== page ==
Maxine, aka Petrona, reviews Jo Nesbo’s The Redeemer which she finds not perfect, but still top notch. As she puts it, “the Harry Hole books comprise one of the top police-procedural series being written today. Although the books have flaws, they are flaws of ambition – the plots are very clever, and if perhaps they are sometimes a bit too clever, that’s better than the opposite. These novels are thoughtful, intelligent, exciting and above all, have a great central character.” This astute comment comes on the heels of a Nesbo binge. She recommends reading the series in order, which is difficult unless you read Norwegian or have a lot of patience waiting for translations. Which brings me to our next item . . .
In her “Dark Passages” column for the L.A. Times, Sarah Weinman says what we all have been thinking: what is up with publishers issuing translations out of order, often causing appalling spoilers for series fans? She starts by analyzing the Scandinavian scene:
Lately, English-language publishers have developed an unfortunate habit with crime fiction in translation: Instead of starting at the very beginning of a series — as Pantheon did in bringing out the 10-book “Story of Crime” opus by Swedes Maj Sjowall and Per Wahloo in the proper sequence — books appear out of order, in haphazard fashion.
Heads are still being scratched over why “The Man Who Smiled,” the fourth outing of Henning Mankell’s popular detective, Inspector Kurt Wallander, was the last to be published in America. Because Jo Nesbo’s Norwegian sleuth, Harry Hole, first showed up on British soil with “The Devil’s Star” — book five in the series — it spoiled important plot points in “The Redbreast” (book three) and “The Redeemer” (book four), published in subsequent years. And I can’t help but wonder if Stieg Larsson had lived to complete all 10 books he allegedly envisioned for his series characters Lisabeth Salander and Mikael Blomkvist, “The Girl With the Dragon Tattoo” would have been published in English long after some mythical fifth or sixth volume took the entire world by storm.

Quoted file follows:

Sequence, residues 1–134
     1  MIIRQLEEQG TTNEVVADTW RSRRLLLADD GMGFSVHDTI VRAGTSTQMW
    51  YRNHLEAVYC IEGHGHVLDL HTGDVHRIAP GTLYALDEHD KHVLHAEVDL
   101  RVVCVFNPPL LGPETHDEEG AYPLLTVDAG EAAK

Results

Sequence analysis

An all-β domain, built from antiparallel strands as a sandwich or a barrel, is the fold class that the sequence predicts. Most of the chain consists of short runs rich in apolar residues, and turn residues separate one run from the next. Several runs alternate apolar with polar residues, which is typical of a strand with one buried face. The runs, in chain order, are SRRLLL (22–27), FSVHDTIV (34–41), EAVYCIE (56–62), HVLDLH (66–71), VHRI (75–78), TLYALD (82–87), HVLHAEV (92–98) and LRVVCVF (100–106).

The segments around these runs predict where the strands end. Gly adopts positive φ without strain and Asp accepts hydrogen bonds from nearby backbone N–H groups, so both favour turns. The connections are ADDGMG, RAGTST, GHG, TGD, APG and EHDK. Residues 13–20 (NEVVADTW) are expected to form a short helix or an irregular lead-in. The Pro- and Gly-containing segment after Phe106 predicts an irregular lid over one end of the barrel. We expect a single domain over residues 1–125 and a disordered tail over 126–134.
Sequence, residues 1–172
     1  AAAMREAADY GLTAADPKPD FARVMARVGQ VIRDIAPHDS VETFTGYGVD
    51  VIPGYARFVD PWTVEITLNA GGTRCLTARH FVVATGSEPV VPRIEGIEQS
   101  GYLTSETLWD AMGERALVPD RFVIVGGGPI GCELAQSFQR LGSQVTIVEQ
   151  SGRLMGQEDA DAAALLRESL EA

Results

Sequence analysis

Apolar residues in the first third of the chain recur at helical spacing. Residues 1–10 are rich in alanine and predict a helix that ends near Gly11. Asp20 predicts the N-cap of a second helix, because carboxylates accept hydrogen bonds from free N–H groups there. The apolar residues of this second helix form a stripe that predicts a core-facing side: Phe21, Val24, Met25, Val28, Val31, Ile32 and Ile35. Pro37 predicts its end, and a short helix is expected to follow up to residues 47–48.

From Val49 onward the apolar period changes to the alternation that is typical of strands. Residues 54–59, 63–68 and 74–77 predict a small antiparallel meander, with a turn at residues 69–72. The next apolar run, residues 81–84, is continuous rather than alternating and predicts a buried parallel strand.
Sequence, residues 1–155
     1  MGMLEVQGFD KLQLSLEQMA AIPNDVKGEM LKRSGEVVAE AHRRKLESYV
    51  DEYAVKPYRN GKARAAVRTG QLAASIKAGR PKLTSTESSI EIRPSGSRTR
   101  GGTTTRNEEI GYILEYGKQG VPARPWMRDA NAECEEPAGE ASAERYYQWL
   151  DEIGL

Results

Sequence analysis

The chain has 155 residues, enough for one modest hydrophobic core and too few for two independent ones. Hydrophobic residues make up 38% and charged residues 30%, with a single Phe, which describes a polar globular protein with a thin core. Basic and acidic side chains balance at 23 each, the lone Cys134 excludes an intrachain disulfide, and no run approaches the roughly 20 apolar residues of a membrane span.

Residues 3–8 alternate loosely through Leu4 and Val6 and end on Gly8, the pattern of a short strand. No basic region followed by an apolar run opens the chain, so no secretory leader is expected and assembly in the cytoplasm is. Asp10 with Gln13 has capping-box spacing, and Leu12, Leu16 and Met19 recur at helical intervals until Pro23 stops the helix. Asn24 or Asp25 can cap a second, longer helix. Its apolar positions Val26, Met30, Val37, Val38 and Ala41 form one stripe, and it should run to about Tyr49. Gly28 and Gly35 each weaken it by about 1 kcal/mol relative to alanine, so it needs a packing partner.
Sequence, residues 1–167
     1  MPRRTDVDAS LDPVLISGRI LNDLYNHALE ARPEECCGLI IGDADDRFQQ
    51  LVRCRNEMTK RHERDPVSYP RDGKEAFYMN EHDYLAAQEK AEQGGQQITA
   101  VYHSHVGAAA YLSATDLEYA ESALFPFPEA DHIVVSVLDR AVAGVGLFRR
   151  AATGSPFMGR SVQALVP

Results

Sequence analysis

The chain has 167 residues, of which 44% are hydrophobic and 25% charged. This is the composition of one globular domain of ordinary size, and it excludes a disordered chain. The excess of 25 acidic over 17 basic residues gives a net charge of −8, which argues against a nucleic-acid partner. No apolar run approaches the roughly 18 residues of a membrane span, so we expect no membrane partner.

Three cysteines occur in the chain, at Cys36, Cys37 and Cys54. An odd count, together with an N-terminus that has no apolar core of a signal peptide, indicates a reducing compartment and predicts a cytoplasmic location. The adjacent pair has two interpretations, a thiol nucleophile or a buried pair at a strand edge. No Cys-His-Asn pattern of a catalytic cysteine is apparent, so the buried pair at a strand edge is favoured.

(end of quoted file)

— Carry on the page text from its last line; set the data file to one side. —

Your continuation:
Publishers choose the nonlinear approach for all sorts of reasons, such as commercial viability and what book in a series may grab reader attention best, so they will seek out earlier installments. “Jar City,” for example, was a smart choice to introduce Iceland’s undisputed crime-writing star Arnaldur Indridason because it was a major step forward, creatively and sales-wise, from the first two books featuring Inspector Erlendur (which remain untranslated). But readers who want to commit wholesale to a new series character and follow him or her through all manner of delightful and dangerous adventures are understandably frustrated at the disregard for series order.
Then she goes on to discuss the work of French writer Fred Vargas, also translated out of order, but with less unpleasant results for the reader. “Adamsberg himself is such a bizarre character, so off-the-charts in what he would deem logical deductive reasoning, that it makes perfect sense to meet him at different, random stages of the series.”
Maxine is also rather taken with Vargas, who’s up against a lot of Scandinavians for the International Dagger this year, and now that she’s read all the books on the shortlist she’s having trouble deciding where to place her bets.
And finally, Euro Crime offers an excerpt from Karin Fossum’s new English-language release, The Water’s Edge.